The mere mention of school triggers negative emotions in members of any age group. Children would sooner choose chaotic, messy activities over organized rows of desks and seven-hour schedules.
Teens and adults dread the classroom to an even greater extent, as they experience it transforms from a simple part of their daily life to the greatest stressor in it.
There is an increasing aversion to academic activities outside the classroom. These being anything from reading for enjoyment to independent research to simply maintaining stimulating conversations.
Individuals are generally quick to lay the blame on modern technology, but computers and their counterparts are little more than distractions, and people would likely employ them less if formulated education were less demanding.
In the past century alone, attending college has become less of a privilege and more of a prerequisite for life. So, after spending 12 years in a desk completing repetitive tasks and standardized tests, young adults are granted the opportunity to accumulate massive debt when many of them possess little to no genuine life involvement.
When high school seniors are asked their post-high school plans, the conventional answer would be that they are attending either a 4-year institution or trade school.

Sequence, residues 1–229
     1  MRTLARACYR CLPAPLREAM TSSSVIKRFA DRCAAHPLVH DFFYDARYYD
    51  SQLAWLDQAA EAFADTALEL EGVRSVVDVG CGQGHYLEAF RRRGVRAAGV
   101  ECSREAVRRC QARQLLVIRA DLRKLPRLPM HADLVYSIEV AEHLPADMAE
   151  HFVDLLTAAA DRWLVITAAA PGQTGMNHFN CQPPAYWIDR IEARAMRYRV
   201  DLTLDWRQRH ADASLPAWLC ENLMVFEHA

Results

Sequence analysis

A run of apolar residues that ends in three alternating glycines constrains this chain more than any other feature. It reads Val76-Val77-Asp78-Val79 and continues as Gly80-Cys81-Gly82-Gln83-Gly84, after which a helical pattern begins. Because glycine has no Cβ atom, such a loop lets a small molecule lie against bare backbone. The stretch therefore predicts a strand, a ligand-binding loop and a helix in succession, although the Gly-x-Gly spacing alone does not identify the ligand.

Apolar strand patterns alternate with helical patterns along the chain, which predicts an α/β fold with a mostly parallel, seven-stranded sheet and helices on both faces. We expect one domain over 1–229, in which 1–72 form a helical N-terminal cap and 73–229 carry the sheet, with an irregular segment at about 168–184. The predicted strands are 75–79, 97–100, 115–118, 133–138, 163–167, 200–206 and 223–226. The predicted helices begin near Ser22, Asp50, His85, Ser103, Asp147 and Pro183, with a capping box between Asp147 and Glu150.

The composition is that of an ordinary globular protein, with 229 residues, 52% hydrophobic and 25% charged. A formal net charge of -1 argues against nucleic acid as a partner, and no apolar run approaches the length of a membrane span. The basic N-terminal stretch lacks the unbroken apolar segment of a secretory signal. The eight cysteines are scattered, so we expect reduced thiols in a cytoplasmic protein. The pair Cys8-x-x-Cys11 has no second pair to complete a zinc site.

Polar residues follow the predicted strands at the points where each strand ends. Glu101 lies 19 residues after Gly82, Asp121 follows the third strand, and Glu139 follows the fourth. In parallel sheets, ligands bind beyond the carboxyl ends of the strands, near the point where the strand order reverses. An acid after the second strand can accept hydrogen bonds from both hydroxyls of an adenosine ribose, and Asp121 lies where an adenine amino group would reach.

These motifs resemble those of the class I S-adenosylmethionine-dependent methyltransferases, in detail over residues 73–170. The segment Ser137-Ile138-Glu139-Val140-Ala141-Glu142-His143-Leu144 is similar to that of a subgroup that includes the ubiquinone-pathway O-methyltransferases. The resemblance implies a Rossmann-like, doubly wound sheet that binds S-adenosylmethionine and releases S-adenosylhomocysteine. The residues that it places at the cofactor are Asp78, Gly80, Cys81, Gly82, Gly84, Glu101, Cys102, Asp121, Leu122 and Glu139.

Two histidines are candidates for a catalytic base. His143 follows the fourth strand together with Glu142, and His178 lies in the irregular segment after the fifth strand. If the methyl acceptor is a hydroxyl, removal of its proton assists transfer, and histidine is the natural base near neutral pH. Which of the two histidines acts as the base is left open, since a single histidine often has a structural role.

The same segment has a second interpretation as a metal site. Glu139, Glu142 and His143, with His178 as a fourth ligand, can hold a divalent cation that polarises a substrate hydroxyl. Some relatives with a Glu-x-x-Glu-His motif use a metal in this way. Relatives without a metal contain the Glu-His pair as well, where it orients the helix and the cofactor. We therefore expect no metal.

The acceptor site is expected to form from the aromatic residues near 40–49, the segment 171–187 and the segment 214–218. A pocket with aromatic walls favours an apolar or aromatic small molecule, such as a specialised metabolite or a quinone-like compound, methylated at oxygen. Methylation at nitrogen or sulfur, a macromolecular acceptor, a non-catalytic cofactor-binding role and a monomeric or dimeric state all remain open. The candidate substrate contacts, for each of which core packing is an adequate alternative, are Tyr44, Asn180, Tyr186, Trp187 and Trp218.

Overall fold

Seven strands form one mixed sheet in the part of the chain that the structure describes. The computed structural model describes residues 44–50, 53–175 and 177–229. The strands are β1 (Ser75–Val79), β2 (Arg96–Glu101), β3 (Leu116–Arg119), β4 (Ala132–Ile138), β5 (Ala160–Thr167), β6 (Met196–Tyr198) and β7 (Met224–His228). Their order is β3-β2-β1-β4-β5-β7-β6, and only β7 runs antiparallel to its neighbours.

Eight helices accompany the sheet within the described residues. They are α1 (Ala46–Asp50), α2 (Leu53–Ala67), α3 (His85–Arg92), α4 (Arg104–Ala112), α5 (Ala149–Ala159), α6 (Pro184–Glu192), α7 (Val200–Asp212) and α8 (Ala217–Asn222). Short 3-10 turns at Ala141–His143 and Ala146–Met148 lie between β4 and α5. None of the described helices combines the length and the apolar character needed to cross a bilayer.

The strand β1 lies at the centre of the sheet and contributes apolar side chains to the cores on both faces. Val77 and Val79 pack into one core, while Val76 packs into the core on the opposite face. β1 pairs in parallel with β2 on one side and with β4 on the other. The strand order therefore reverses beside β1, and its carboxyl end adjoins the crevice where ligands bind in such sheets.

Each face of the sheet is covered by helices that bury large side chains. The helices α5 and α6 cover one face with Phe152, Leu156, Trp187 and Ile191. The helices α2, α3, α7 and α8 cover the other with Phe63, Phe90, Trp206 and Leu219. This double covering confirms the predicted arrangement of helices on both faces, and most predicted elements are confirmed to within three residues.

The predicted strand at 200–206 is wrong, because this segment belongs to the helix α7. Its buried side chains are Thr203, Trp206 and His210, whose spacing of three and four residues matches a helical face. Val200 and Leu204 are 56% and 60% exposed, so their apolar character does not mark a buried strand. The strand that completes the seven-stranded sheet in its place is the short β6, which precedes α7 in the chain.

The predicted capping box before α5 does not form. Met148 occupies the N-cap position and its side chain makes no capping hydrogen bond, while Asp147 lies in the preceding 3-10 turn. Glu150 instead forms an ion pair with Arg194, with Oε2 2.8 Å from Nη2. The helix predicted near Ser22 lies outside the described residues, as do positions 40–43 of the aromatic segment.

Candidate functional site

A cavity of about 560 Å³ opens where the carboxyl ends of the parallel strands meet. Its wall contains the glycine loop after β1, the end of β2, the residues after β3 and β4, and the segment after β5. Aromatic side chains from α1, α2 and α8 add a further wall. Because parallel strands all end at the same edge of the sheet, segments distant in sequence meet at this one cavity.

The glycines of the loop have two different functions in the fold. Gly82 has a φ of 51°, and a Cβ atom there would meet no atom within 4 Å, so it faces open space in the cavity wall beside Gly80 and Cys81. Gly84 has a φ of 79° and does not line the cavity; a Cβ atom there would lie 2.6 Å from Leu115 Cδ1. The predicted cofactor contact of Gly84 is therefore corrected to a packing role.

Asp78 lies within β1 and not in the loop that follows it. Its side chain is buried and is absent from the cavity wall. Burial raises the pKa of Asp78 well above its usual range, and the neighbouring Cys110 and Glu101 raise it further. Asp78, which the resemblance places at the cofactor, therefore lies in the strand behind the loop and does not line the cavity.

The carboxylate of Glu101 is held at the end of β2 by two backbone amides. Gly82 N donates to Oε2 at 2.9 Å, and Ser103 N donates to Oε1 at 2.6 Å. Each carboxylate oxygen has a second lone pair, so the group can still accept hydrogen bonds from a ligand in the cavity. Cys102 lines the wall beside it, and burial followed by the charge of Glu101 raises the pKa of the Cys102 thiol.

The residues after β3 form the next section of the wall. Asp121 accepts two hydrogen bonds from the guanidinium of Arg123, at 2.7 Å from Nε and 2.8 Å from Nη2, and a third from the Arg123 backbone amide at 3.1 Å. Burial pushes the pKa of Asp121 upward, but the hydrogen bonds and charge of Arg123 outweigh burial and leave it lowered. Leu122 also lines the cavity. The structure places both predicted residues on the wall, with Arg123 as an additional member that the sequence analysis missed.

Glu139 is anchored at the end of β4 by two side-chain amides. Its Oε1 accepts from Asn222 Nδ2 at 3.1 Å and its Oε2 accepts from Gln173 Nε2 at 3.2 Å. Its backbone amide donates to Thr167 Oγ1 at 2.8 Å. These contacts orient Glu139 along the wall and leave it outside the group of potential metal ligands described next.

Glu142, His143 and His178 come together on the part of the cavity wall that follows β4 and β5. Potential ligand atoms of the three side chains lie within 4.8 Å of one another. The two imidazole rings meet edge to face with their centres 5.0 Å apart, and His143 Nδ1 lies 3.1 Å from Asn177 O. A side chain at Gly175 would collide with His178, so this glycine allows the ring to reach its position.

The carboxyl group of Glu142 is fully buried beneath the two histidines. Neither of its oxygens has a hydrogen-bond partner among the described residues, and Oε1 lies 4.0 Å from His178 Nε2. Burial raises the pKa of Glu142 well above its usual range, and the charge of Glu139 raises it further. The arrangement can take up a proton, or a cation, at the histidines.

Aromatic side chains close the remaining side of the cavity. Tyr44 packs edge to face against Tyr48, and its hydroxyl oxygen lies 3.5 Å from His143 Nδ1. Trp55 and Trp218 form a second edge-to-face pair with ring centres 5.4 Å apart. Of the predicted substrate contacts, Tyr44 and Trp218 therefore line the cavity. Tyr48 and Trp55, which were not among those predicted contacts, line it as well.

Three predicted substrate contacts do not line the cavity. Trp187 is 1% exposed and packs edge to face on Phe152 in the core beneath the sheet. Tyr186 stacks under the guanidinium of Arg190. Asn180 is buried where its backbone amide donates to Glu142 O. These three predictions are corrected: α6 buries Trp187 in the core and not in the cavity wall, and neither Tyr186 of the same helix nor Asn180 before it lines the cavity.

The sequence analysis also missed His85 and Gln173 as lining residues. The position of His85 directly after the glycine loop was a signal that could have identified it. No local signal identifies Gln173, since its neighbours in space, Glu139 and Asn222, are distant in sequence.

Students who choose to take a year to work or travel are deemed unmotivated, burned out, and usually expected to fall off the academic track. Thus, the students that take time to determine their life goals outside of the school setting are few.
Not everyone can be grouped in the gap year category, as some students who choose the college path directly after high school thrive and maintain the star pupil label. Some students not geared in the same way struggle with a steep decline in motivation and desire to succeed academically.
They are more engrossed in their phones and television shows because of the mindless entertainment and freedom they provide from the rigidity of regular days.
The lack of flexibility in America’s education system reveals that it was cultivated to create a nation that ultimately produces more workers than thinkers.
The same kids given near full-time jobs in grade school move hastily on to a costly college environment, and in this time of ambiguity they select majors and career paths that will likely be utilized until retirement age.
Perhaps there is no ideal blueprint for education, and the one operating now is best suited for the masses, but when pure desire for knowledge begins to become mindless memorization, change is necessary.